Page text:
Evidence #18:

Evidence against listing Attached is an pdf file, containing evidence against listing Keep Network.

Evidence #19:

Jurisprudence does not apply because logo is of a higher quality sufficient enough Continued... Touch Smart: had more apparent edge. The KEEP logo is visibly of higher quality than those rejected logos and it meets the condition to be "of a definition high enough."

Evidence #20:

No need for most widely used logo In the guidelines I don't see a need to attach the most widely used logo. That's said for the name only. The basic conditions are to be PNG, transparent, under some size limits, centered, taking most space, avoiding the name, of a definition high enough and fully included. It obviously needs to be the token logo, but there is some leeway. Asking me to reupload with the green background is inappropriate because both the TCR and KEEP team prefer transparency. Asking me to remove a tiny edge is inappropriate because the official logo is already of a definition high enough. The jurisprudence listed had additional or different challenge reasons: dForce: had more apparent edge, more reasons for challenge, no submitter argument - OPUS: had more apparent edge, was tied at first round btw - DMM: cut the image correct shape (not fully included) - Robotina: round edges were cut (not fully included) - CBI Index 7: round was cut at bottom (not fully included) - Aragon: challenged because "contours of the logo are not clear" and that was apparent at eye's sight.

Evidence #21:

Submission should be rejected according to jurisprudence Sometimes, in fact there is a need to edit the official logo. If the official logo is of poor quality, as submitted Keep Network token symbol, it needs to be edited to remove the remains of a poorly cut logo. Those green edges around the logo are definitely not a feature, they are the result of poorly cutting it from a green background. The TCR requires high quality logos, not some poorly cut logos (which looks like it is done by an amateur). According to jurisprudence, submissions with poorly cut token symbols should be rejected (see list of rejected submission in my evidence above). Besides of the reason stated above, this submission should also be rejected for not using the most commonly used token symbol (see CMC, CoinGecko, Etherscan). TCR requires the most commonly used logo, which consists of a green background. Therefore, the jurors are urged to vote NO in this dispute.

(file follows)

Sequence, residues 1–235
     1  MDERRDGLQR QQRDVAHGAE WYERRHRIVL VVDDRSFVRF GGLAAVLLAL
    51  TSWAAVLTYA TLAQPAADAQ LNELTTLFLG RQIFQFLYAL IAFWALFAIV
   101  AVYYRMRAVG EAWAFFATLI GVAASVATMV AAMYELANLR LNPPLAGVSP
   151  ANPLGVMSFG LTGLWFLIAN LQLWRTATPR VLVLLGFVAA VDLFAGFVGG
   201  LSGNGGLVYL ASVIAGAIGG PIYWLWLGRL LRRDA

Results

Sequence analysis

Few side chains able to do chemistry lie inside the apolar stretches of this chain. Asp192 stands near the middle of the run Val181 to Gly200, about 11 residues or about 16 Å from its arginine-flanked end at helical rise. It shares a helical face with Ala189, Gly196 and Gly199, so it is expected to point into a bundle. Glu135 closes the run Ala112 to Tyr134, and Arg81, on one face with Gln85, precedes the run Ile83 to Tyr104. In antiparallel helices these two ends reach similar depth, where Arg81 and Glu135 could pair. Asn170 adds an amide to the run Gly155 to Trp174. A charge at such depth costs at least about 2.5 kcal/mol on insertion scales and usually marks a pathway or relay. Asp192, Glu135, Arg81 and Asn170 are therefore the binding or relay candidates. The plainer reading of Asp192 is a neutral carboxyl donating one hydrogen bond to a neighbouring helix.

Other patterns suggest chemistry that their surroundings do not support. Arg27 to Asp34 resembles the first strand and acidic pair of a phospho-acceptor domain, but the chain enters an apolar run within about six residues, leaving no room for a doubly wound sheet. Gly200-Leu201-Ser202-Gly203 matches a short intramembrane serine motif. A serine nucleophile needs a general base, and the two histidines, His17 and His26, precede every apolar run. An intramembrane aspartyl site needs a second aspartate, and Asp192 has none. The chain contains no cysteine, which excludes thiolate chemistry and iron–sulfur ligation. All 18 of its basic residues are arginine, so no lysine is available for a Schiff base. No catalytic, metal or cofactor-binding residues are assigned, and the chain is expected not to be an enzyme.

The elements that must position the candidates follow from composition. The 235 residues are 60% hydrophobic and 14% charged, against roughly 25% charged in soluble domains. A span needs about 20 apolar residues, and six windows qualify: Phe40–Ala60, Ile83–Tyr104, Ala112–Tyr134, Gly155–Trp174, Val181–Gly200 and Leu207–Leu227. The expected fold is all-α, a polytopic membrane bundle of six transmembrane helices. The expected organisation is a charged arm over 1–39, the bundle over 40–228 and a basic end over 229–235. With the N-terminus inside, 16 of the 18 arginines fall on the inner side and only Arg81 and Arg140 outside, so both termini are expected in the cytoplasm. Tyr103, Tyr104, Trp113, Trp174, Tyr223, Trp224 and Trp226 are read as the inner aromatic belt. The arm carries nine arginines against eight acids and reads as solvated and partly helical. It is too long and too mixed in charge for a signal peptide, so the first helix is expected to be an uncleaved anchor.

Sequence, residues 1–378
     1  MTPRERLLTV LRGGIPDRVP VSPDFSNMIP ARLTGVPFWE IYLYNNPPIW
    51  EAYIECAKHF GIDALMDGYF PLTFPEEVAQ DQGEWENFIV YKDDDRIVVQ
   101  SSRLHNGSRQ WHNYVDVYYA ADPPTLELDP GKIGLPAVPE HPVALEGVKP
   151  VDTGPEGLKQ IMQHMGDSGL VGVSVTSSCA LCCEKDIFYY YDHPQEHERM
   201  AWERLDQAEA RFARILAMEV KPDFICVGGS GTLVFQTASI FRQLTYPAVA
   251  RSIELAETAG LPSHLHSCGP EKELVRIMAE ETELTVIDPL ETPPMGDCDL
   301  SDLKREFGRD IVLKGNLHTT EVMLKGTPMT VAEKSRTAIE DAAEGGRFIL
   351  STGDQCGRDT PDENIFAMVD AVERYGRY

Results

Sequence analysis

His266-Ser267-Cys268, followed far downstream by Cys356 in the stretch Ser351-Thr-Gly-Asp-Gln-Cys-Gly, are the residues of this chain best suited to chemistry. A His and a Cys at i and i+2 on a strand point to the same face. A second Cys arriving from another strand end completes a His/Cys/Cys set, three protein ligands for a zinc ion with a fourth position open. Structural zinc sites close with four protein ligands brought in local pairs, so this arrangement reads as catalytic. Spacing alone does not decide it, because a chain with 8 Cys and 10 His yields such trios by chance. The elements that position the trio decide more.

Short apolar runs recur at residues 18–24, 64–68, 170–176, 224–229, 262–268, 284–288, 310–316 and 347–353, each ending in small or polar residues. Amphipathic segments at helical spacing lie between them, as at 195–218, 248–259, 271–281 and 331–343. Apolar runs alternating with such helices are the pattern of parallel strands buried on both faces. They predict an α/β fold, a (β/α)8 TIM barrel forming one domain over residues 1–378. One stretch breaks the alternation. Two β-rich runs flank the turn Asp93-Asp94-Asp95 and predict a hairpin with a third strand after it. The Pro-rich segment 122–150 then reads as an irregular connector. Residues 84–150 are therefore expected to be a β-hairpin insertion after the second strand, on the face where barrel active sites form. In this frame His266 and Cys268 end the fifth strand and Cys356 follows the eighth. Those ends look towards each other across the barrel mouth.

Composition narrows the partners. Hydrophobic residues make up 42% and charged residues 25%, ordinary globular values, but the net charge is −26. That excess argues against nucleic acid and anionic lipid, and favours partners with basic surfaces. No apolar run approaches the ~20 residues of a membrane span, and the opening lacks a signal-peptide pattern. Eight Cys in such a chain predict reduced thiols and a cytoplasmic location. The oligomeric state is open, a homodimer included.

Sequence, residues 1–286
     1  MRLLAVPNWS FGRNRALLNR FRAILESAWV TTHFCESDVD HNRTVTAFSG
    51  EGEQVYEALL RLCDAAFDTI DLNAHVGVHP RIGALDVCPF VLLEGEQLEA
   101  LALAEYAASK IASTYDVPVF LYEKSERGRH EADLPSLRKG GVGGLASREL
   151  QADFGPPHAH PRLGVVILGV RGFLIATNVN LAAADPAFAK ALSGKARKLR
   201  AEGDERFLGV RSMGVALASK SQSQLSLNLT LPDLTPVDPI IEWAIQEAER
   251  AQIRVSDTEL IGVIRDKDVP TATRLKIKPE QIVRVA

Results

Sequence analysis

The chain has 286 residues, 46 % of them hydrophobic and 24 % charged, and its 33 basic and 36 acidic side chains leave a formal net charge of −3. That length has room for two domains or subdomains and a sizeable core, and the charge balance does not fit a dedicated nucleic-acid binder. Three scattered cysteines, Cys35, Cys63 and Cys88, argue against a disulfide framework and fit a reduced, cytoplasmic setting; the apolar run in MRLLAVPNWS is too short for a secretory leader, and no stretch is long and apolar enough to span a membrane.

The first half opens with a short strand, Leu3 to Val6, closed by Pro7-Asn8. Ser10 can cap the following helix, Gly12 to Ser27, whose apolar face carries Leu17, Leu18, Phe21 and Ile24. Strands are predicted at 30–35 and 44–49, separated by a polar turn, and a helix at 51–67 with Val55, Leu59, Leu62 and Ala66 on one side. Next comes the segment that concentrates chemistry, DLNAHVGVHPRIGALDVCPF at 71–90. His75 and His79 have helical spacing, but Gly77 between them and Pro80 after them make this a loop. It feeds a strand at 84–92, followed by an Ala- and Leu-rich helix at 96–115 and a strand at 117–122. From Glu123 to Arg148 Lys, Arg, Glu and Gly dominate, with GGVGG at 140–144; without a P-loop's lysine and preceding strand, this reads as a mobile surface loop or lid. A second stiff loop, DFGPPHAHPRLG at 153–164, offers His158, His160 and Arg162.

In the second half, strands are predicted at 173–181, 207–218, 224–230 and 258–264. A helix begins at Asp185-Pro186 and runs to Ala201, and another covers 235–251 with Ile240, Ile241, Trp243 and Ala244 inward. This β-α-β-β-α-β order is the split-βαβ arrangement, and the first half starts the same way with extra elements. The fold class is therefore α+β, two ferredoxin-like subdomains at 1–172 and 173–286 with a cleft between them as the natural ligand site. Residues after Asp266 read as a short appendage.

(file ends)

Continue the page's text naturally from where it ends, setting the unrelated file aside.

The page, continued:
Evidence #22:

No need to edit the official media logo Policy: "It should be of a definition high enough such that it should not appear pixelated or blurry unless those are on-purpose features of the symbol." The policy does not ask to be perfectly cut but to have a definition high enough. It matters that it is the official media logo because it proves sufficient quality and that the tiny edge may even be "on-purpose features of the symbol." If I went to remove the tiny edge I bet someone else could come and challenge because I removed a feature or did not include the logo in full, missing some green pixels!

Evidence #23:

Response to requester It does not matter if it does not appear pixelated at eye's sight on the curated list. We can't let any entries with suboptimal logo's enter the TCR, as we should strive to create a high quality list of curated tokens. The fact that the logo was taken from the official media kit does not matter too, fact remains that it's poorly cut and should thus be rejected. The following submissions all got rejected because of poorly cut token symbols: dForce, OPUS, DMM: Governance, Robotina, Touch Smart Token, CBI Index 7, Aragon, etc.

Evidence #24:

Logo does not appear pixelated and is this way on-purpose The logo exactly comes from the token symbol folder in the official media kit: https://keep.network/press It does not appear pixelated at eye's sight on the curated list so it is of a definition high enough. It is this way on-purpose by features of the symbol coming from the official design.

Evidence #25:

Token challenge Logo is of low quality, green edges around the edges.